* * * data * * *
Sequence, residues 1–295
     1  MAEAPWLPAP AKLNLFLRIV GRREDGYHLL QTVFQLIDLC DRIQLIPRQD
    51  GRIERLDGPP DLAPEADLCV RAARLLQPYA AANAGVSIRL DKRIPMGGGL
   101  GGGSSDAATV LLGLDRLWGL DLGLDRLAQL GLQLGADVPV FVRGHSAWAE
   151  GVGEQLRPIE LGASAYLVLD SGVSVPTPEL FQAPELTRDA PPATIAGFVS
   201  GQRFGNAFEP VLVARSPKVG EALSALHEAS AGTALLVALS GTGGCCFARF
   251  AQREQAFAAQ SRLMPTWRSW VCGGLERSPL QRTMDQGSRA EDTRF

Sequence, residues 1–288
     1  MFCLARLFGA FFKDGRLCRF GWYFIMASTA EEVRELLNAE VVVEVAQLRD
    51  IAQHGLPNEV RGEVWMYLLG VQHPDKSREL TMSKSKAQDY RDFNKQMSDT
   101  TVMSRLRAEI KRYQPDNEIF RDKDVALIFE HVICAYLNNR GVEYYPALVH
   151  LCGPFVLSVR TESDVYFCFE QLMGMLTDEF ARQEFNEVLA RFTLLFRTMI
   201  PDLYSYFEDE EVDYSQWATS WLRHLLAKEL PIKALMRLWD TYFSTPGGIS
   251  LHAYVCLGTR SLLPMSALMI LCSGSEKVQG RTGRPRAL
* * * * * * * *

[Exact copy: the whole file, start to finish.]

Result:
Sequence, residues 1–295
     1  MAEAPWLPAP AKLNLFLRIV GRREDGYHLL QTVFQLIDLC DRIQLIPRQD
    51  GRIERLDGPP DLAPEADLCV RAARLLQPYA AANAGVSIRL DKRIPMGGGL
   101  GGGSSDAATV LLGLDRLWGL DLGLDRLAQL GLQLGADVPV FVRGHSAWAE
   151  GVGEQLRPIE LGASAYLVLD SGVSVPTPEL FQAPELTRDA PPATIAGFVS
   201  GQRFGNAFEP VLVARSPKVG EALSALHEAS AGTALLVALS GTGGCCFARF
   251  AQREQAFAAQ SRLMPTWRSW VCGGLERSPL QRTMDQGSRA EDTRF

Sequence, residues 1–288
     1  MFCLARLFGA FFKDGRLCRF GWYFIMASTA EEVRELLNAE VVVEVAQLRD
    51  IAQHGLPNEV RGEVWMYLLG VQHPDKSREL TMSKSKAQDY RDFNKQMSDT
   101  TVMSRLRAEI KRYQPDNEIF RDKDVALIFE HVICAYLNNR GVEYYPALVH
   151  LCGPFVLSVR TESDVYFCFE QLMGMLTDEF ARQEFNEVLA RFTLLFRTMI
   201  PDLYSYFEDE EVDYSQWATS WLRHLLAKEL PIKALMRLWD TYFSTPGGIS
   251  LHAYVCLGTR SLLPMSALMI LCSGSEKVQG RTGRPRAL